Recently I was in one of those chain restaurants (the middle-priced, sit-down types) and shortly after we got there, we learned that their computer systems were on the fritz. Now, my IT savvy ears picked up things like "can't get an IP address" and "bootp screen" and the like so I knew they were in big trouble. Unfortunately, we had already ordered and were well into waiting for our meal to come out so we stuck it out. However, knowing it was going to be a long wait, I started to observe the wait staff and listened to what they were saying.
"Because our computer just went down, we can't get your order to the back."
This one struck me as bad, and the reason is because many restaurants work just fine on a pen and paper system. However, it was obvious that without the computer, the wait staff didn't know how to handle getting orders back to the kitchen. I couldn't see the kitchen, but I'm sure they would have struggled with getting orders from anything other than the computer system. I can tell you from the heated arguments I heard while we were there, this restaurant not only lost sales but they also lost customers, permanently. One of those customers made sure to remind the manager that something as simple as paper and pen can do wonders. His arguments back were less than satisfactory.
What all this showed was this business didn't have a business recovery plan if they lost their computer systems. It's an issue I've seen with other organizations I've tried to help out over the years. They have no plan on how to conduct their day-to-day operations without their systems. For some organizations, I can understand this. For instance, if you're a bank and you can't get to a person's financial records, you're not going to hand out money from their account without knowing they have the money in there for it. However, so many businesses CAN run without their core systems, maybe not in an ideal manner, but enough to limp along. It just requires some planning. These folks didn't have it.
"With our computers down, we can't process your credit card."
We paid in cash, because we always carry enough to cover a meal in a contingency just like this one. However, I still no plenty of small time merchants that have one of those manual imprint devices to capture the details of a customer's credit card. Combine this with knowing how to call a credit card in and get a confirmation number and you have a backup plan. Obviously, without the computer system, you can still do this. At the restaurant I was at, they couldn't. I doubt they had the ability to manually process a credit card. They should have, but again, they weren't prepared. As a result, they lost even more customers.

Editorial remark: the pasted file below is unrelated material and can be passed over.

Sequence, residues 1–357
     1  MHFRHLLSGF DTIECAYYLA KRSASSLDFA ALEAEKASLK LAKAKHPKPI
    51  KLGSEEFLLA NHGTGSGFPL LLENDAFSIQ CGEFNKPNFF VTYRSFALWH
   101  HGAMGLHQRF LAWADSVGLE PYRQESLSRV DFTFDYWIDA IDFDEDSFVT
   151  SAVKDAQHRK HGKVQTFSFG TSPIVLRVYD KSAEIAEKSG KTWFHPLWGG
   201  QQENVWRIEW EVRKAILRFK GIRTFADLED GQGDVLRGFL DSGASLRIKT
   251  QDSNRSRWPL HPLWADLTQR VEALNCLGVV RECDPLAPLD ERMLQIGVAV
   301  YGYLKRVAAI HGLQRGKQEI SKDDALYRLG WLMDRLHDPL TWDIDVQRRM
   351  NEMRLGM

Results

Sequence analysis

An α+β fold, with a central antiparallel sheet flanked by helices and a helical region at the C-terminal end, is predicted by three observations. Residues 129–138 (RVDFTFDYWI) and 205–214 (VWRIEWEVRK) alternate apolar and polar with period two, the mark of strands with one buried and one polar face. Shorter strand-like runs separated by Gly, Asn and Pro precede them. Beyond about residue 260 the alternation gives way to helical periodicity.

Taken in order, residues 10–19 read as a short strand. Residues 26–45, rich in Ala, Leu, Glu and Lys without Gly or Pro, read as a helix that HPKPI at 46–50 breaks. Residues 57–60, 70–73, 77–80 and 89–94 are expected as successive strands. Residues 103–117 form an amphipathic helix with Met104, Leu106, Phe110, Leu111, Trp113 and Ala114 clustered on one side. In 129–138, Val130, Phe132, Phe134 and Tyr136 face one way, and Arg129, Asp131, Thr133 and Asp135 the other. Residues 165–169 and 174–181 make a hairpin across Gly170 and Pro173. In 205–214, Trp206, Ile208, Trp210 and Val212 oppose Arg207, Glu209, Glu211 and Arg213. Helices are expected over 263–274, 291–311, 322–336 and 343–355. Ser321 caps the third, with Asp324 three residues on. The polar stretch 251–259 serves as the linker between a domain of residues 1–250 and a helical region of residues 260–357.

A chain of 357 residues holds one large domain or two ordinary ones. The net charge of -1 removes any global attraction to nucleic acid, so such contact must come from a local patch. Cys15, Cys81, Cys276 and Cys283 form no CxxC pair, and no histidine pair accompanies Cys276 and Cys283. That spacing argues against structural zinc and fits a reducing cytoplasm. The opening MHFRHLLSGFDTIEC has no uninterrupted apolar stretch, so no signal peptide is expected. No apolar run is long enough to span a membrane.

"I'm sorry, I don't know how much your bill is."
Once upon a time we could use pen and paper and addition plus a little multiplication to figure out what the total is. Barring that, there's this neat techincal invention called a calculator, and most modern cell phones have a calculator as part of their software. This isn't a lack of equipment issue. This is a lack of training/knowledge problem. That irate customer that blasted the manager before pointed out that when she ran a small restaurant, they added up the bills in their heads but if it was too much to do so, they knew how to use a calculator. Again, the manager didn't have an answer.
Summing All This Up:
Obviously, there was no business recovery plan. There was also a complete failure of leadership. The processes that fell apart have tried and true workarounds, ones that existed before the age of computers. However, the management over the restaurant was incapable of trying to institute any of these. I can understand about not being able to process the credit cards if they didn't have an imprint machine. But the rest of it? As we used to say at The Citadel, "Sir, no excuse, sir!"
Here's the thing: with a proper business recovery plan, the management would have had the tools it needed to keep the restaurant up and running. Well, that is if the employees were trained on it. So it's not only important to have a business recovery plan, but it's also important to test it. Figure out what works and what doesn't. You never know when you're going to need it.